Synopsis: In this high-octane sequel, hitman Chev Chelios’ (Jason Statham) launches himself on an electrifying chase through Los Angeles in pursuit of the Chinese mobster who has stolen his nearly indestructible heart.
Cast: Jason Statham, Amy Smart, Bai Ling, Corey Haim; Directed By: Mark Neveldine, Brian Taylor
Genres: Comedy Spoof
Synopsis: A rich, white girl from the suburbs finds herself on a series of misadventures when she moves to the mean streets of the inner-city.
Remember the early days of IMAX? Back when there were only three or four theaters, scattered across the major cities, each with some hour-long 3-D extravaganza? Remember how those movies were all some variation on two kids traveling back in time to the Paleolithic era, complete with sweeping shots of some breath-taking vista (like Africa by way of New Mexico) and the all-too-frequent T-Rex attack? Sure, the kids couldn’t act and the movie wasn’t so much a story as an excuse for the 3-D, but the presentation was decent, the format was inventive and the massive, face-sized glasses ensured that a sufficient amount of stuff leapt out at you across the screen.
I feel much the same way about The Final Destination. It’s not really a movie, or rather, it’s not a real movie, but it’s a hugely entertaining carnival ride of elaborate, three-dimensional bloodletting. It’s difficult to say whether the filmmakers took the 3-D format as permission to eschew things like story and performance, but beyond the non-existent narrative and uninspired acting, the kills are perfectly orchestrated to provide some gut-wrenching, laugh-inducing gore, all of which spatters back on the audience via the 3-D eyewear.
The story assumes that you know the drill by now. A bunch of attractive teenagers survive some horrible accident thanks to a random, psychic premonition only to be hunted down by the unstoppable force of Death which they so ironically avoided. The kind of mythology that used to take an entire movie to figure out is now communicated by a character saying, “We stayed up all night Googling death and premonitions and it works like this…” The Final Destination begins with a group of friends at a NASCAR event, one of whom, Nick, has the obligatory vision of a crash so implausibly epic that it causes a series of explosions resulting in the deaths of dozens by crushing, slicing, burning, impaling and decapitation by errant tire. And, of course, all of this happens through some extraordinarily in-your-face 3-D. The vision ends, the group runs out, taking a few other survivors with them, and the next 80 minutes is spent re-killing them in dynamic, though somewhat repetitive ways.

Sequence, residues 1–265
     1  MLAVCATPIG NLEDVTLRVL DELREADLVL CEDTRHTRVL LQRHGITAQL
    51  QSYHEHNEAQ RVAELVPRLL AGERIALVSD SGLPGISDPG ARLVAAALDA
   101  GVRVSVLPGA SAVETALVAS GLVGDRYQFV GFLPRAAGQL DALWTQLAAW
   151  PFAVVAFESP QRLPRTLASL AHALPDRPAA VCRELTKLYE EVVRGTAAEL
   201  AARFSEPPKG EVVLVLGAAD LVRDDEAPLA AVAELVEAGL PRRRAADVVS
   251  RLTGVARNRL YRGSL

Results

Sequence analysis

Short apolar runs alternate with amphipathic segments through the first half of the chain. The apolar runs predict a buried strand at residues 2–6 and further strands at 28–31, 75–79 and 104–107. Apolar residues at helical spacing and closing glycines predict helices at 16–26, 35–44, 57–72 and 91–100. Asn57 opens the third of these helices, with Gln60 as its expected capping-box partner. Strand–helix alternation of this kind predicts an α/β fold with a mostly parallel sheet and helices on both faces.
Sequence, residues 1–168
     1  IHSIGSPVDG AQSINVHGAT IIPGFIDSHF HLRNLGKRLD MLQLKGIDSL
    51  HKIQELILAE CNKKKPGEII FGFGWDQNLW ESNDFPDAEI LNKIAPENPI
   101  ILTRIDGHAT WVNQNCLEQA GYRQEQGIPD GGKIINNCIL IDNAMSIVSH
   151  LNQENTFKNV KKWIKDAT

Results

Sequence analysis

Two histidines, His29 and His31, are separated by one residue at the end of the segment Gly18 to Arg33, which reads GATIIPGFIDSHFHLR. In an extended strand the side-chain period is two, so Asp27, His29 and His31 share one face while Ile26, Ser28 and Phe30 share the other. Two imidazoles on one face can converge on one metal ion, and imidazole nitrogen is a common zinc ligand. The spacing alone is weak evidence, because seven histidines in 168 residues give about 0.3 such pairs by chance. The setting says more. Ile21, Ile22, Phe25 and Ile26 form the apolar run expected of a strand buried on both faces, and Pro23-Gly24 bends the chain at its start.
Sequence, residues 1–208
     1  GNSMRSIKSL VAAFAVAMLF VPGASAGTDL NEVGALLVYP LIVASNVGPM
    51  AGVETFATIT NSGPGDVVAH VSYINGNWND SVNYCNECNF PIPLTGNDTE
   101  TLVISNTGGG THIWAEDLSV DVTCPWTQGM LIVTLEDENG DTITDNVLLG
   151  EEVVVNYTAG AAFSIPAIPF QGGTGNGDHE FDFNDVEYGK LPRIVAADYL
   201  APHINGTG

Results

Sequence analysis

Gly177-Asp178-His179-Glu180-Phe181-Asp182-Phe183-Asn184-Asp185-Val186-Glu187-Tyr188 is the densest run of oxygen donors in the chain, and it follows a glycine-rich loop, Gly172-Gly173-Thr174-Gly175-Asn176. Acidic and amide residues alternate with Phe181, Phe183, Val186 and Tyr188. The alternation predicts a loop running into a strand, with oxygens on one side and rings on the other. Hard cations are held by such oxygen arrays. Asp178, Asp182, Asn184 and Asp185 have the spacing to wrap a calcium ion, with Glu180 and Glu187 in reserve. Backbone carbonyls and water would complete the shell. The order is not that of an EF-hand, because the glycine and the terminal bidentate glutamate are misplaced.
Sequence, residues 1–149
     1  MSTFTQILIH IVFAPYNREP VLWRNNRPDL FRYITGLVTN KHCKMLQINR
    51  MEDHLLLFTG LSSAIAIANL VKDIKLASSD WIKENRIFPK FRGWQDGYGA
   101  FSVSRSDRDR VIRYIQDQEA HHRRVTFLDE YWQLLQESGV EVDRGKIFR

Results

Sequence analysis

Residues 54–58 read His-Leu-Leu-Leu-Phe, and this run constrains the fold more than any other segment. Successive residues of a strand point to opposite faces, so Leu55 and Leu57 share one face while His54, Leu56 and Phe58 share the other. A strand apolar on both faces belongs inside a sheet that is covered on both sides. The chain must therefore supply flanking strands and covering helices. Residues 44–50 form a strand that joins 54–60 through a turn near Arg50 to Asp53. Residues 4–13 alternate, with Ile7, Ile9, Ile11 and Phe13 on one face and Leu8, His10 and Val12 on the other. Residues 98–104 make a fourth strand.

Where the first two movies, and to some degree the third, tried to expand upon the initial concept, adding layers of mythology and upping the cinematic ante, this film is content to give viewers more of the same, though in a way they’ve yet to experience. Whether this is enough for you depends entirely on your tastes, and while this critic would have liked to see the series explore a few of the bigger questions or attempt something different with the set-up, there’s certainly enough popcorn entertainment here to warrant the price of admission.
Director David R. Ellis returns from having crafted the second and most well-balanced chapter in the series – at least with regard to its kill-to-story ratio – but seems to struggle a bit with the execution. The balance is absolutely in favor of over-the-top, mindless fun, which is, for the most part, perfectly acceptable by Final Destination standards, but the kills aren’t nearly as inventive as in past films. The Rube Goldberg, mousetrap-esque nature of Death’s design was always the most interesting element of the series, but with this outing, one might as well put a counter at the bottom of the screen to clock the number of spilt liquids and gasoline trails that contribute to the death of our main cast. There are one or two memorable deaths – one involving a pool, the other an escalator – but there are an equal number of moments that borrow openly from past chapters, including the silent vehicle that strikes a joyous survivor or the aforementioned gasoline trails that always bend toward the fire. Were it not for the 3-D, which really makes each death play a bit better than it might have otherwise, the movie might easily have ranked as the least fulfilling of the series. But seen in the intended format and in the intended spirit, The Final Destination trumps the last chapter to rank as the franchise’s third-best entry.
While we suspect that this isn’t truly the final destination, we certainly hope that the next in the series will find some new creative ground or thematic area to explore. Because let’s face it, there’s only so much that one can do with stuff falling on other stuff that eventually ends up impaling somebody.